Exploring Salvador Bahia’s Mercado Modelo

Every year at this time, savvy stateside sun lovers pack up and head for Salvador, Bahia.

Exploring Salvador, Bahia's Mercado Modelo. The Lacerda elevator at night.
View of the Elevator with the Lower City and the Mercado Modelo, Salvador, Bahia. (Image: Ciroamado, via Wikimedia Commons, CC BY-SA 4.0)

April is ‘Discovery Month’ at Connect Brazil.

Exploring the Mercado Modelo in Salvador, Bahia is unlike any other experience.

Salvador, Bahia is renowned as the nexus of Brazilian culture and for its close connections to Mother Africa. Truth is, there is nowhere else in the Americas where the purest traditions of Africa are woven into the fabric of daily life.

April is Discovery Month here at Connect Brazil. History shows April 22, 1500, when Portuguese explorer Pedro Alvarez Cabral landed at Porto Seguro, 250 miles south of Salvador. 

We’ll put this month to good use with plenty of tips, facts, and fun as we get to know a little more about Brazil. Let’s begin with one of Salvador’s favorite spots.

Exploring Salvador, Bahia’s Mercado Modelo

The Mercado Modelo is a not-to-be-missed market for Brazilian art, crafts, and handmade goods. It is one of Salvador’s Bahia’s best-known landmarks. You’ll find the market building set on its own near the old harbor. This market is across from the Elevador Lacerda, which connects the old and new parts of the city of Salvador.

The site dates to 1861 when a large building was opened as a Customs Office for imports arriving from Salvador’s international port.

Then, in 1971 the building was converted into the present-day Mercado and completely rebuilt in 1984 after a fire.

Approaching The Experience

Join a guided tour, take the Lacerda Elevator to Salvador’s lower level, or hail a cab from your Hotel to arrive. Either way, exploring Salvador’s Mercado Modelo is easy to reach and its simple but impressive structure is sure to capture your imagination.

Outside, you will see large, wafting stands filled with thousands of colorful ribbons. These small ribbons are called the Ribbons of Bonfim. Be sure to have it tied with three knots. Each one represents a wish and good fortune. And you’ll need to wear it until the ribbon falls off on its own.

As you approach the entrance, you’ll no doubt become immersed in Salvador’s cultural connection to its African roots.

A crowded maze of more than 250 shops, stalls, and kiosks await your arrival.

Browse through original artwork, handmade jewelry, and religious artifacts. Stop by street food vendors to sample Bahia’s centuries-old culinary traditions. Bahian lace is always a treasured find, as is Brazilian clothing, including Capoeira pants and headdresses.

You’ll even come across intricate wood carvings along with musical and percussion instruments. And yes, you’ll want to load up on t-shirts, trinkets, and souvenirs for friends and family back home.

The Ancient Art of Haggling

Prices throughout Salvador Bahia’s Mercado Modelo are close to what you will pay merchants in the Pelourinho district. You can pay the posted price or you enjoy the Old World tradition of the Haggel.

Barter, negociate, or haggle? Call it what you will. Just remember that a good deal is struck when both parties are satisfied. It’s the art of the deal!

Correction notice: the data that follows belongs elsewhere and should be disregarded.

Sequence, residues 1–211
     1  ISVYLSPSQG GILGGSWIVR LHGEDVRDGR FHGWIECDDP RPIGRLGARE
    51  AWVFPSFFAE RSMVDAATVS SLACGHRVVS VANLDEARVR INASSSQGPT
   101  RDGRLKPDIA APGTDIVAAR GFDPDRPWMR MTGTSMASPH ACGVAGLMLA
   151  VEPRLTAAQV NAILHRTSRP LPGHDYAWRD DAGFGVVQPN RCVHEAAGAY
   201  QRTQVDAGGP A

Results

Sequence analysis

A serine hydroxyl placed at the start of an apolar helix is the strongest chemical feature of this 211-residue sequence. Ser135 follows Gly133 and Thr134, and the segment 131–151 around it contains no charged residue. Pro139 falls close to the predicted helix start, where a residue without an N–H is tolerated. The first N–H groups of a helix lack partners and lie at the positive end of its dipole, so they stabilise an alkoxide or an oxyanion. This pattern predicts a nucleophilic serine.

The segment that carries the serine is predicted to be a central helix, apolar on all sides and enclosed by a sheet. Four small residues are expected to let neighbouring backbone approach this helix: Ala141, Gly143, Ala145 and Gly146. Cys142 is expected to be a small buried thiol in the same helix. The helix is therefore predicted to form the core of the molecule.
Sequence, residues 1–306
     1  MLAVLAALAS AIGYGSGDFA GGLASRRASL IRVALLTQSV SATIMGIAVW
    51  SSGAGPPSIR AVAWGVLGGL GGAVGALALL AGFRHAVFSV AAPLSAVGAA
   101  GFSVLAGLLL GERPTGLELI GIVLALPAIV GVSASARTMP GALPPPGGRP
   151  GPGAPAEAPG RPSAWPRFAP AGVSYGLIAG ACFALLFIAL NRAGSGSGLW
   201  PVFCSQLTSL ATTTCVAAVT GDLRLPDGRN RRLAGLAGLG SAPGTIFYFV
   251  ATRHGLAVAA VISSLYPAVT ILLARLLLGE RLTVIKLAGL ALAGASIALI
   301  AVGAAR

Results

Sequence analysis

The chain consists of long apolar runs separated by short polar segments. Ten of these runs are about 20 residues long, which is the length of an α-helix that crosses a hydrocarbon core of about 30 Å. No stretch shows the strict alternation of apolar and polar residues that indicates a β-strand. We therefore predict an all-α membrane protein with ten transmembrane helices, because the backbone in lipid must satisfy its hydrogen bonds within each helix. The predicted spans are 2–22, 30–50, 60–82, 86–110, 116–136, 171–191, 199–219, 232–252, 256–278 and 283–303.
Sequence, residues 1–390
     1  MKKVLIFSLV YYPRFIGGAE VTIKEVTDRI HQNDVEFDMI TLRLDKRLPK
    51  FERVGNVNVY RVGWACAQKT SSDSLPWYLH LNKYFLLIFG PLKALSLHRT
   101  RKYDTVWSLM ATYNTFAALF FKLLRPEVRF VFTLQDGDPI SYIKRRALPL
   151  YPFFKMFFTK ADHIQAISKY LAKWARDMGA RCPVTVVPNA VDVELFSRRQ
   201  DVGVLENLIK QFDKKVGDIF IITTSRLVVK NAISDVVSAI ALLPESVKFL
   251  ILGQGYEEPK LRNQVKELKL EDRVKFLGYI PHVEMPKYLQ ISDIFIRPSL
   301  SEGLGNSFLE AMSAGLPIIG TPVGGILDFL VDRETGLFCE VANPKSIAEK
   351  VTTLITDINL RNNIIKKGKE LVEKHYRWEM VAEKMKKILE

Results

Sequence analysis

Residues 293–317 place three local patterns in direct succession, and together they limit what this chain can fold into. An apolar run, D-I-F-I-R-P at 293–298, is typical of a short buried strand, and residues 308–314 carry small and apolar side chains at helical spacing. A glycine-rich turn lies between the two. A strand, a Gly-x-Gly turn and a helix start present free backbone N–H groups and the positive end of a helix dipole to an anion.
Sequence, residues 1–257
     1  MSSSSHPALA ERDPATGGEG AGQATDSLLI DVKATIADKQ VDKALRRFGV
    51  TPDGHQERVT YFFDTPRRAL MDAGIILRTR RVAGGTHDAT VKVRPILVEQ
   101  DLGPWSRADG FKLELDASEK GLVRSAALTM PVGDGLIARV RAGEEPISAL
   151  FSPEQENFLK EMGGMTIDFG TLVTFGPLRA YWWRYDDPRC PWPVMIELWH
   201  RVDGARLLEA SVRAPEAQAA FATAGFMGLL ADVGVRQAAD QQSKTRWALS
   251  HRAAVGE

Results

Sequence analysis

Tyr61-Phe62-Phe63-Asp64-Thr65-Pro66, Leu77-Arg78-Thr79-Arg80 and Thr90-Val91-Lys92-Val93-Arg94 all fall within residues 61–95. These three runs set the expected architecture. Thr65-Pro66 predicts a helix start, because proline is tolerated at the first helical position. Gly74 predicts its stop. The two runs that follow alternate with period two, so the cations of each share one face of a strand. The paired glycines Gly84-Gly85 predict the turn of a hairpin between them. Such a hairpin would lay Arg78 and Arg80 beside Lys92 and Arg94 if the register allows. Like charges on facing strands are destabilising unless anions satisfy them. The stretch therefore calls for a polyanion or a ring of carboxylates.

As a point of fact, if you don’t haggle you are sure to end up paying much more for those cherished items and must-have souvenirs.

Never will this be more true that when purchasing jewelry, Cachaca rum, and handcrafted items. As for original artwork, use your discretion. Artists devote much time and creativity goes into these items and as such, they carry intrinsic value.

And, of course, if you see ‘Made In China’, take a pass.

Deciphering The Gods

Some of the nicest presentations are the painted statues of candomblé deities. Look for the sign “antigos religiosos” – but use caution. And ask good questions.

These statuettes and items may seem like souvenirs. However, keep in mind that a large percentage of Brazilian believe in the mystical powers of the gods they represent.

For these, each deity portrays both a good and evil side to their personality. We invite you to learn more about these Orixas.

We recommend Iemanja, the goddess of the sea as a safe place to start. And by all means stay away from Exú, the trickster.

In the square in front of the market, you’ll find more arts and crafts stalls with a host of hippie-fair items and occasional capoeira demonstrations and live music.

Know Before You Go

Even if you are only window-shopping, exploring Salvador Bahia’s Mercado Modelo is an enjoyable time well-spent. The market plaza and its environs are always culturally active, drawing crowds of visiting tourists and locals, too.

That said, it’s always a good idea to be aware of what’s going on around you. Just like Portland, New York, Chicago, or San Fransico, the Mercado Model is frequented by pick-pockets, too. And it is best to visit during the daytime.

If you did not convert your currency to Brazilian Reis at your Hotel or Cambio exchange, you will see ATM machines nearby. An information office is found near the front entrance, while upstairs is a good place to enjoy an ice-cold beer and a snack.

Salvador’s Mercado Model is open Monday to Saturday, 9 am-7 pm, and Sundays, 9 am-2 pm.

Exploring Salvador Bahia’s Mercado Modelo

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